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Roman Vishniac Rediscovered September 24, 2015–January 3, 2016


Vishniac - Jewish Schoolchildren

Roman Vishniac, [Jewish schoolchildren, Mukacevo], c. 1935–38, gelatin silver print. © Mara Vishniac Kohn, courtesy International Center of Photography

Roman Vishniac, [Sara, sitting in bed in a basement dwelling, with stenciled flowers above her head, Warsaw], c. 1935–37, platinum print. © Mara Vishniac Kohn, courtesy International Center of Photography

Roman Vishniac, [Interior of the Anhalter Bahnhof railway terminus, near Potsdamer Platz, Berlin], 1929–early 1930s, inkjet print. © Mara Vishniac Kohn, courtesy International Center of Photography

Roman Vishniac, [Boy standing on a mountain of rubble, Berlin], 1947, inkjet print. © Mara Vishniac Kohn, courtesy International Center of Photography

Roman Vishniac, [Vishniac’s daughter Mara posing in front of an election poster for Hindenburg and Hitler that reads “The Marshal and the Corporal: Fight with Us for Peace and Equal Rights,” Wilmersdorf, Berlin], 1933, gelatin silver print. © Mara Vishniac Kohn, courtesy International Center of Photography

Roman Vishniac, Cross section of a pine needle, early 1950s–late 1970s, digital file from color transparency. © Mara Vishniac Kohn, courtesy International Center of Photography

Roman Vishniac, [Preparing food in a Jewish soup kitchen, Berlin], mid- to late 1930s, gelatin silver print. © Mara Vishniac Kohn, courtesy International Center of Photography

Roman Vishniac, [Drawer of freshly farmed eggs, Gut Winkel, a training farm for German Jewish youth hoping to immigrate to Palestine, Spreenhagen in der Mark, Brandenburg, Germany], c. 1938, inkjet print. © Mara Vishniac Kohn, courtesy International Center of Photography

More than any other photographer, Roman Vishniac profoundly influenced contemporary impressions of Jewish life in Eastern Europe. Vishniac created the most widely recognized and reproduced photographic record of that world on the eve of its annihilation, yet very little of his work was published or printed during his lifetime (1897–1990).

Roman Vishniac Rediscovered provides an introduction to Vishniac's radically diverse body of work—much of it only recently discovered. Known primarily for his poignant images of Eastern Europe, Vishniac was in fact a remarkably versatile and innovative photographer. This exhibition repositions his iconic photographs of Eastern Europe within a broader tradition of social documentary photography. Vishniac's career spans more than five decades, ranging from early engagements with European Modernism to highly inventive color photomicroscopy.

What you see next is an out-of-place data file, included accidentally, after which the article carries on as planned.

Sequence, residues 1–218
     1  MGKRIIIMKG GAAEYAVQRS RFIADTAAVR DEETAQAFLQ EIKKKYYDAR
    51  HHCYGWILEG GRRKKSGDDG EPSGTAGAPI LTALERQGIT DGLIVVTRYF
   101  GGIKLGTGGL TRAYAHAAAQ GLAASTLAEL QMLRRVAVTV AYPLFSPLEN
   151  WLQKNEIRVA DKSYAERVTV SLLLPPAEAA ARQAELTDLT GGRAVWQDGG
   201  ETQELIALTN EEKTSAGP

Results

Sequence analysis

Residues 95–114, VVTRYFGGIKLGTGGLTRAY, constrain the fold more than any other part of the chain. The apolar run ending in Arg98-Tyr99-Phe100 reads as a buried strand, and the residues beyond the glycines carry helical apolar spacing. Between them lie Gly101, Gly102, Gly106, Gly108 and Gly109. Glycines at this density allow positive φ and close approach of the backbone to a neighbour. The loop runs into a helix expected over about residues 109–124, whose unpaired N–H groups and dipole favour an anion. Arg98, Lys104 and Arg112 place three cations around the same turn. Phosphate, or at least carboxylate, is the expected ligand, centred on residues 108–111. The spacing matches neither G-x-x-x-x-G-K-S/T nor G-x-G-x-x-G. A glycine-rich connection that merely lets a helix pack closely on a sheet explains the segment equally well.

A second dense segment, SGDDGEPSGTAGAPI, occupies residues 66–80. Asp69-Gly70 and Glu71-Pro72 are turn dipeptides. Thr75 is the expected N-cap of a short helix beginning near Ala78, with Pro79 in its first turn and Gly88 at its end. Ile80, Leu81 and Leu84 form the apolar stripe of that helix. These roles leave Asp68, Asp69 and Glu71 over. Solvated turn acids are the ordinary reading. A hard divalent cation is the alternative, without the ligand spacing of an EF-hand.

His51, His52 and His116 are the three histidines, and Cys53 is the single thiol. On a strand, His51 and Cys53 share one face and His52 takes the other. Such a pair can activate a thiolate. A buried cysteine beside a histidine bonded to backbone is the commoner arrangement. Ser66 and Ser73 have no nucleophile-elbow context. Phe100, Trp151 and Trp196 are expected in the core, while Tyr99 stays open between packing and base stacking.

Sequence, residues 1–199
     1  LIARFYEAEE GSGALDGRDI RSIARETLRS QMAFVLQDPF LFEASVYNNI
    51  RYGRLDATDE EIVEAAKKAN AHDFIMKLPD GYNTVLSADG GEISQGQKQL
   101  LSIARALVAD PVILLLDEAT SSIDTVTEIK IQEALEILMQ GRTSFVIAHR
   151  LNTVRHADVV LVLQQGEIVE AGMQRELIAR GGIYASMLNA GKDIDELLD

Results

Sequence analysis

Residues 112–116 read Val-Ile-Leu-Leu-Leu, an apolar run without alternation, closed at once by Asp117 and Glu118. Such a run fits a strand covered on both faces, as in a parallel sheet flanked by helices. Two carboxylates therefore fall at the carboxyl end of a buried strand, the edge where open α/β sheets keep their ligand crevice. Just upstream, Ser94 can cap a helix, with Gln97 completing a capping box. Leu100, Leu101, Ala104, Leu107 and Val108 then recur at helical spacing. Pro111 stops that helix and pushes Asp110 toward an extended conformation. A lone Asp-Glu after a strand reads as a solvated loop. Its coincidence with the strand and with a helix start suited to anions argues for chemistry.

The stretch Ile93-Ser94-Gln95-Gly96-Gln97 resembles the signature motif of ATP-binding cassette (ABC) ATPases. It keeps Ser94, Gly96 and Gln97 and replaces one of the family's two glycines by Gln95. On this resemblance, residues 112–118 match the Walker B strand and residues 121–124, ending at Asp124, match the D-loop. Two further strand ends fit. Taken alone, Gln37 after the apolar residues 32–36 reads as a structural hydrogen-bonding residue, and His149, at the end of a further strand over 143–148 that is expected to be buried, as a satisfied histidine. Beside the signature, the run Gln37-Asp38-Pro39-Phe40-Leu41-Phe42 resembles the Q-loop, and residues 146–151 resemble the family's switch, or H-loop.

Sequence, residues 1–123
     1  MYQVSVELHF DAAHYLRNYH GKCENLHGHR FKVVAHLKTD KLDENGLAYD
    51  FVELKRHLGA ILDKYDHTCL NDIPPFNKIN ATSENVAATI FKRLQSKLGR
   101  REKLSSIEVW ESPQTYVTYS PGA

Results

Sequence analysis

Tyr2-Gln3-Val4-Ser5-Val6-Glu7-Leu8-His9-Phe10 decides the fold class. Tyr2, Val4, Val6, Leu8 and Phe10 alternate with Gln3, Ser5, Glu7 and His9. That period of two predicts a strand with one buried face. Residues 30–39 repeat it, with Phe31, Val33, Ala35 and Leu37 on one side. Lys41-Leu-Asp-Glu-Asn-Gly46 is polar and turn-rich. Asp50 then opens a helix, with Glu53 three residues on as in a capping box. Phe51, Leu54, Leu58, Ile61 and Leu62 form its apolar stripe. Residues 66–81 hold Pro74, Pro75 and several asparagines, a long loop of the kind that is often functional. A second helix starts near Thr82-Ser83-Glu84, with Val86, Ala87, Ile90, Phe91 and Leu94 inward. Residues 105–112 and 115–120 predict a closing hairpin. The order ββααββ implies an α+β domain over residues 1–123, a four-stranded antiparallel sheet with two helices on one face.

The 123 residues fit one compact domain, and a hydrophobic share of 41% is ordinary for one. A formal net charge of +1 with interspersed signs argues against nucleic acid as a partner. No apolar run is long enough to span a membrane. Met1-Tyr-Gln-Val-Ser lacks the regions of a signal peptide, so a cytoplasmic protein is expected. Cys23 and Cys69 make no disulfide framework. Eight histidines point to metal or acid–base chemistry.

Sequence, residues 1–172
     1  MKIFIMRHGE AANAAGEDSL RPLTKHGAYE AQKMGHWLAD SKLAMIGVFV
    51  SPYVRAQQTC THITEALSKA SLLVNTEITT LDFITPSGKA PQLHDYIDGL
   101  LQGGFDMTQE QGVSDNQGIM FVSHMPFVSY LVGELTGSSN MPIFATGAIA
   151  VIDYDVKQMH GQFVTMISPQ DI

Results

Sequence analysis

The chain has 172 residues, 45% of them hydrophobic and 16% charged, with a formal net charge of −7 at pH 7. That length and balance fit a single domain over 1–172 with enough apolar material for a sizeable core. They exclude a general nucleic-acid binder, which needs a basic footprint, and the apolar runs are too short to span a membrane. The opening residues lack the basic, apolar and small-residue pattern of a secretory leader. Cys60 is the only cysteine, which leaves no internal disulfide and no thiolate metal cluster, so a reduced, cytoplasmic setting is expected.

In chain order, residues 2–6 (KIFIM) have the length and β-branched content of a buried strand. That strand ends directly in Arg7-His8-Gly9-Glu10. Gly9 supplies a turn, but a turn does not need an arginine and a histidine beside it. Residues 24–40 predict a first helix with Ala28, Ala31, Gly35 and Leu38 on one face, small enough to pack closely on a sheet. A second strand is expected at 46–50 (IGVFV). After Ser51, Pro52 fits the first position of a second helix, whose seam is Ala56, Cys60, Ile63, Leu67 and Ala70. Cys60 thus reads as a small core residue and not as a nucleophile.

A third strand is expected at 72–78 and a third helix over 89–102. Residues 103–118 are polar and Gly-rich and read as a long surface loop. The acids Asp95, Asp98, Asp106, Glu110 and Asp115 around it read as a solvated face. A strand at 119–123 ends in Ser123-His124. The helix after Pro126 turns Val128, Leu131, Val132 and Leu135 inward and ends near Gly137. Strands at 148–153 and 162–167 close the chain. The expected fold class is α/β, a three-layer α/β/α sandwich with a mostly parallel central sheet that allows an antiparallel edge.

As an amateur photographer in Berlin in the early 1920s, the Russian-born Vishniac took to the streets, offering intelligent and wry visual commentary while experimenting with new approaches to framing and composition. He documented the Nazi rise to power and photographed impoverished Jewish communities in Eastern Europe.

After fleeing to New York in 1941, he opened a portrait studio, recorded American Jewish communal and immigrant life, and established himself as a pioneer in photomicroscopy (taking photographs with a microscope). In 1947, Vishniac returned to Europe to document Jewish displaced-persons camps, the ruins of Berlin, and efforts of Holocaust survivors to rebuild their lives. Vishniac's work in color photomicroscopy was his primary focus for the remainder of his life.


“Roman Vishniac Rediscovered" is organized by the International Center of Photography: Maya Benton, curator. It is made possible with support from the National Endowment for the Arts.

In New York, the exhibition was made possible with support from Mara Vishniac Kohn, whose generosity founded the Roman Vishniac Archive at ICP, and by the Andrew and Marina Lewin Family Foundation, Estanne and Martin Fawer, the David Berg Foundation, the Righteous Persons Foundation, the National Endowment for the Arts, the Olitsky Family Foundation, the Conference on Jewish Material Claims Against Germany, and numerous additional donors.

Generous funding is provided by:
The David Berg Foundation
Barbara and Gerry Hines
Shirley Toomim
Cyvia and Melvyn Wolff

Additional generous funding is provided by Bruce Stein Family/Triple S Steel; Rolaine and Morrie Abramson; Joan and Stanford Alexander; Nancy Beren and Larry Jefferson; Jerry and Nanette Finger Family; Barbara and Michael Gamson; Joyce Z. Greenberg; Barbara and Charles Hurwitz; Joan and Marvin Kaplan; Ann and Stephen Kaufman; Helaine and David Lane; Susan and Jack Lapin; Rochelle and Max Levit; Mrs. Joan Schnitzer Levy; Barbara and Barry Lewis; Suzanne Miller; Ms. Joan Morgenstern; Paula and Irving Pozmantier; Herman Proler; Minnette Robinson; Leslie and Russ Robinson; Regina Rogers in honor of Stefi Altman; The Lester and Sue Smith Foundation; Sugar Land Skeeters; Mr. and Mrs. Conrad Weil, Jr.; Erla and Harry Zuber; and additional supporters of the exhibition.

Location

Audrey Jones Beck Building
5601 Main Street
Houston, TX 77005
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